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If Jay-Z really does have 99 problems, one of them might be trying to reconcile all the progress he’s made as a fledgling social justice icon with his new business alliance with the NFL. But after a series of photos were released Wednesday showing Jay cavorting with NFL Commissioner Roger Goodell, laughing it up with someone who many people consider to be among the so-called enemies targeted by Colin Kaepernick’s protest for social justice, the optics compounded with the questionable nature of the deal prompted questions galore about Jay’s true intentions.

In case you missed it, the deal, announced Monday, would allow Jay-Z and his Roc Nation to manage “some entertainment options for the league and will tie into the sport’s social justice endeavors.” That includes being able to control key aspects of the NFL’s Super Bowl halftime show that was famously snubbed by Beyonce’s husband last year.

However, since the deal was very much announced in the context of social justice, many people found the glaring absence of Kaepernick’s involvement in the partnership as at best hypocritical of Jay, who once wore the quarterback’s jersey while performing on Saturday Night Live in an apparent showing of solidarity with the cause. Because of that, some people were compelled to tweet using the hashtag, “#ImStillWithKap.

Those tweets were part of a broader campaign from some high-profile folks on social media. Even Dr. Cornell W. Brooks, the former president of the vaunted NAACP, a civil rights bastion for more than a century, seemed to take umbrage at the deal when he tweeted the implication that Jay-Z may have sold [out?] to the highest bidder.

Others haven’t been quite as vague with their assessments of what they see as being a step backward in the continuing fight for social as well as criminal justice for black America. David Dennis Jr., senior culture editor at iOneDigital, wrote in Playboy that the partnership felt to him like “a gut punch.” The Atlantic’s Jemele Hill wrote more matter of factly Thursday morning that Jay-Z’s move was helping “the NFL banish Colin Kaepernick.”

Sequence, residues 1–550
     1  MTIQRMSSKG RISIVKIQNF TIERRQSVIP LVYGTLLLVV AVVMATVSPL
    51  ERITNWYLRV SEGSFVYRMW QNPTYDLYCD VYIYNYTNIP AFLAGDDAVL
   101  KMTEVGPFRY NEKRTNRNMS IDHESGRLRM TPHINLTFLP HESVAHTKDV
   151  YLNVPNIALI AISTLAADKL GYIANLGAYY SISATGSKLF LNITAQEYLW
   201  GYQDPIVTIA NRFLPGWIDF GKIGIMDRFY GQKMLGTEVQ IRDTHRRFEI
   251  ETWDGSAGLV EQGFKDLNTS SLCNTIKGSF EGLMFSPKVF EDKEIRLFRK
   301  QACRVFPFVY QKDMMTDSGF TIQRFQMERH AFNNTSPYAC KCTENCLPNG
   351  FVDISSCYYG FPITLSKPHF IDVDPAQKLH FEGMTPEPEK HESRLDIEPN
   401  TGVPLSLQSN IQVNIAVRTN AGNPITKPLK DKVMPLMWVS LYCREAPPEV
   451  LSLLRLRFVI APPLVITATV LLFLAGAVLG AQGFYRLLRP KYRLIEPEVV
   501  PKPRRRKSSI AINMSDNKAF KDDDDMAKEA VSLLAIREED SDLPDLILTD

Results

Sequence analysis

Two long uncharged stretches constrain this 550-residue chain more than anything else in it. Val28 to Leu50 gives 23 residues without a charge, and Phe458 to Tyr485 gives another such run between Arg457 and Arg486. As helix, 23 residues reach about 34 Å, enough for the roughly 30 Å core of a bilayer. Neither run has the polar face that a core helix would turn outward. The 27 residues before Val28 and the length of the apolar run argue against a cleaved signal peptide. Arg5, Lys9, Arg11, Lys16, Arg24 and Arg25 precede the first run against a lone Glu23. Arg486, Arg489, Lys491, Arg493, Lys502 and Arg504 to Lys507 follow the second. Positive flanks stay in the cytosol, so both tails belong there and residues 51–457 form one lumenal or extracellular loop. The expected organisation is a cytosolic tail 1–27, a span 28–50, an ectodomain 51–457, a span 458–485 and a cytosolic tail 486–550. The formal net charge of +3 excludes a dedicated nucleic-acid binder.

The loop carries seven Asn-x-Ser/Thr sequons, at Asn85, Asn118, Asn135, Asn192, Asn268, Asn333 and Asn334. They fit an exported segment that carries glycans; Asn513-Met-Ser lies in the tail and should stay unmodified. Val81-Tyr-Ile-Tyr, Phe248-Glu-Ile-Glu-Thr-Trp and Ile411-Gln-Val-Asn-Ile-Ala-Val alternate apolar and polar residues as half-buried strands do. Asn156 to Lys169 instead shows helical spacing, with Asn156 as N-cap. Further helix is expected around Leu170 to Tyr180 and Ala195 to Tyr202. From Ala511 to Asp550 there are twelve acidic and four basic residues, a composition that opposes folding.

On Wednesday, Kaepernick marked the third year of his kneeling protest during the playing of the national anthem with a social media post of his own saying in no uncertain terms that he would continue “to work and stand with the people in our fight for liberation, despite those who are trying to erase the movement!”

However, while the aforementioned criticism is valid, if not conditional upon learning more about the finer points of the deal, the proverbial jury on whether Jay sold out probably shouldn’t return a verdict so hastily. After all, at this stage in his career, what with all his myriad accomplishments both professional and personal, as well as his stated and exemplary dedication to Black culture, is it really fair to paint Jay with the same broad strokes used for a painting a portrait of, say, Michael Jordan, who has long been criticized for not doing enough?